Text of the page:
Tuesday, 29 September 2009

Tango Fire

I went to see Tango Fire at the Corn Exchange. (The video on the company’s website does not do them any justice; good thing I did not see it before the show.) There’s no plot as such: it is all about tango. And tango is all about love and loss. The first half is staged as Café del Tango — where the band is playing and the couples, as one could expect, dance, without much interruption except for a comical (if stereotypical) macho pseudo-punch-up scene. The part two was more like showcase for both dancers and musicians (who played three tangos on their own). I preferred the more relaxed and social atmosphere of the Café to the ballroom/ballet/acrobatics of the second half, where the dancers appear to take themselves far too seriously. I wish there was less virtuosity and more spontaneity.

Even so, the encore was a beauty. The band started to play La cumparsita (what else), then the dancers came back to the scene. Then one of the dancers — I think it was Yanina Fajar, who is also the choreographer of the show — invited the bandoneon player, Hugo Satorre, for a dance. He was hesitating; it looked like he never danced tango before. After a few steps, he retreated back to his bandoneon. OK, maybe they do it every performance and this is just a part of the show, but it was so touching and erotic and as spontaneous as Argentine tango should be.

Monday, 28 September 2009

Girl Meets Boy

by Ali Smith

Imagine the present-day Iphis and Ianthe writing their slogans in bright red colour on the walls of public buildings in Inverness. (By the way, the word slogan indeed comes from Scottish Gaelic and means “battle cry” — I just looked it up.) Girl Meets Boy is a love story. You wouldn’t expect a book from Ali Smith which is not a love story. It is also about politics, women’s rights, and water. It reads like poetry.

Metamorphoses is full of the gods being mean to people, raping people then turning them into cows or streams so they won’t tell, hunting them till they change into plants or rivers, punishing them for their pride or their arrogance or their skill by changing them into mountains or insects. Happy stories are rare in it. But the next day dawned, and the whole world opened its eyes, it was the day of the wedding. Even Juno has come, and Hymen was there too, and all the families in Crete were gathered in their finery for the huge celebration all over the island, as the girl met her boy there at the altar.
Girl meets boy, I said. In so many more ways than one.
Old, old story, Robin said.
I’m glad it worked out, I said.
Good old story, Robin said.
Good old Ovid, giving it balls, I said.

Sunday, 27 September 2009

Собака Баскервилей

a film by Igor Maslennikov

According to Wikipedia, “there are at least 24 film versions of The Hound of the Baskervilles”. Most of these adaptations are British and (curiously) German movies. For me, the one and only “true” version is the 1981 Soviet film, featuring incomparable Vasily Livanov OBE as Sherlock Holmes, Vitaly Solomin as Dr. Watson and Nikita Mikhalkov as Sir Henry Baskerville. Where the movie deviates from the novel, it does so in a way that Sir Conan Doyle would approve. For instance, Holmes tells Watson that detectives possess special sensory organs on the tips of their ears. Throughout the movie, Sir Henry is fed porridge which he hates. And so on. The mystery of Sir Henry’s boots (“But why didn’t you buy black boots? Why, Sir Henry?”) remains unresolved, which only adds charm to the story.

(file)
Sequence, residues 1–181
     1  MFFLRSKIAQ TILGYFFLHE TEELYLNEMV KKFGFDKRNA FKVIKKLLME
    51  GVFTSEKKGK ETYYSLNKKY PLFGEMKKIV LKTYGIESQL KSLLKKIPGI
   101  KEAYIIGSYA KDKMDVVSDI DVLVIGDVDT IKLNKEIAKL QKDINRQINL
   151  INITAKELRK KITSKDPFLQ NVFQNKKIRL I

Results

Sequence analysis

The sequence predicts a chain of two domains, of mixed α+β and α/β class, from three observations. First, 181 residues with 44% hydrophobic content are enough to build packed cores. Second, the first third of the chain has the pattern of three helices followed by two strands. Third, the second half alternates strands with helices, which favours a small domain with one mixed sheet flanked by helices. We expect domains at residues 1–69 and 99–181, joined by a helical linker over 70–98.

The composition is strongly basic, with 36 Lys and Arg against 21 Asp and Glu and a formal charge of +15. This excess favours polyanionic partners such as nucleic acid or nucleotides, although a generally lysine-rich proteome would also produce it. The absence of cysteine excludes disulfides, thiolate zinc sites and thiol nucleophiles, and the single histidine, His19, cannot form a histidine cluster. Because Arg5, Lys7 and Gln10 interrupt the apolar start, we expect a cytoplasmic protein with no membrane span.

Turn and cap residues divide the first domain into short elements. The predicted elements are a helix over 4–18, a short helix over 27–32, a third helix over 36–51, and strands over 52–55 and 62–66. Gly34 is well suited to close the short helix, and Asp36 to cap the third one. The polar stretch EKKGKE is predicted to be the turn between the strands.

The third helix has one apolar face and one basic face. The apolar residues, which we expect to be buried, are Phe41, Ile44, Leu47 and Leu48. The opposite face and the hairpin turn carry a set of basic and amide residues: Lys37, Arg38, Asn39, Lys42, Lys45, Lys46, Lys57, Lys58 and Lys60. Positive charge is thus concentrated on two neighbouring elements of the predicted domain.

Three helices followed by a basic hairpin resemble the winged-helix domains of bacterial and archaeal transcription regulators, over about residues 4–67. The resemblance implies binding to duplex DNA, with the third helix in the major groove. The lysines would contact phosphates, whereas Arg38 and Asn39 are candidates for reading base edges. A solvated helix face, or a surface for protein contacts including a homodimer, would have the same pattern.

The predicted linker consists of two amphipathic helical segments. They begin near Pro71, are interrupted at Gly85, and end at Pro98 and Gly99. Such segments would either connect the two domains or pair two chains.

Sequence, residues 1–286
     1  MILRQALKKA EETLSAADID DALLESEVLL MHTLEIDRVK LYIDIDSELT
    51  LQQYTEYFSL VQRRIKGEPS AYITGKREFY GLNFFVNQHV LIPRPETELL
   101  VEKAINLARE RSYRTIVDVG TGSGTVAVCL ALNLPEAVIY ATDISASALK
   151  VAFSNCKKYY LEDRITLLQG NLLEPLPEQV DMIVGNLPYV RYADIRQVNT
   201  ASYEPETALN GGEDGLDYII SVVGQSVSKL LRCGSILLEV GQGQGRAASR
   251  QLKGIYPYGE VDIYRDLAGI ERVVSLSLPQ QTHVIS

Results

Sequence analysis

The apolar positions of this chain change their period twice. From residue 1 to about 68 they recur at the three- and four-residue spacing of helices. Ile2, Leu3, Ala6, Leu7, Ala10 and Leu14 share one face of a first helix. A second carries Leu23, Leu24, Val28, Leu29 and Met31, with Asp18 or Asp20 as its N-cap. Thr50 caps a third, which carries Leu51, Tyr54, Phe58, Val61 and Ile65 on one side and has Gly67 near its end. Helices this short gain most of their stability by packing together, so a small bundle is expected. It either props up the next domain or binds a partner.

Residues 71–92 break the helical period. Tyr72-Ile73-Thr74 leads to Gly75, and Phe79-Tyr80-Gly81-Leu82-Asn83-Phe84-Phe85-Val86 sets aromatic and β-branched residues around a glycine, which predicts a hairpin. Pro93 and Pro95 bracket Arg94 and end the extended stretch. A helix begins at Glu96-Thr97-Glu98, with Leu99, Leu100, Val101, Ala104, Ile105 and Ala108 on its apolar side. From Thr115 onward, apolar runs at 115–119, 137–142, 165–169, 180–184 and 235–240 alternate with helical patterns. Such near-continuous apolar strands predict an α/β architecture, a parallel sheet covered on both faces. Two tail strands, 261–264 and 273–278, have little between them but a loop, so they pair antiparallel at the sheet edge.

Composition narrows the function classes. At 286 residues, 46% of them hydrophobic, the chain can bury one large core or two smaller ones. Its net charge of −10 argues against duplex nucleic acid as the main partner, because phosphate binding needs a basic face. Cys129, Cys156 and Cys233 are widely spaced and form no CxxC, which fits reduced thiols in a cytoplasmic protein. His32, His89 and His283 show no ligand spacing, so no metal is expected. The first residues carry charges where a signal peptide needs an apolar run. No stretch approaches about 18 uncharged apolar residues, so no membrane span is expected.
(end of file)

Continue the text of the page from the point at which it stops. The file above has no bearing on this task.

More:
Thursday, 24 September 2009

The Living Road

by Lhasa de Sela

The second album by Lhasa is a work of beautiful melancholy. I love her voice. Her Spanish singing is full of passion; in English, she sings with cute accent; but I like her French songs most. They are sensual, restrained, ironic. Best of all, La Confession.

Je n’ai pas peur
De dire que je t’ai trahi
Par pure paresse
Par pure mélancolie
Qu’entre toi
Et le diable
J’ai choisi le plus
Mais tout cela
N’est pas pourquoi
Je me sens coupable
Mon cher ami

Wednesday, 23 September 2009

Oi Va Voi live

I like to think I’m stronger now
Victim of common sense
The truth is that I know I still
Confuse the past with the present tense
Condensing what we had
To a single frame
That sticks in my mind
When I try to move on
The same image comes back every time

Just back from Oi Va Voi gig at The Junction. I first saw them at the same place almost two years ago. The band, fronted by the (beautiful) singer Bridgette Amofah and the (stunning) violinist Anna Phoebe, is as good as back then, but the programme is mostly based on their latest album, Travelling The Face Of The Globe. (Amazingly, they even were selling the vinyl in the foyer.) From new songs, S’brent (sung in Yiddish by Amofah) was my favourite. Even though the new album, as a whole, is more consistent than the previous two, it was material from their first album, Laughter Through TearsYesterday’s Mistakes, Gypsy, Ladino Song and, of course, (encore!) Refugee — where the band was especially shining and the audience went wild... well, by Cambridge standards anyway. The instrumental Crimea just has to be seen live.

Sunday, 20 September 2009

Cherry Hinton Festival 2009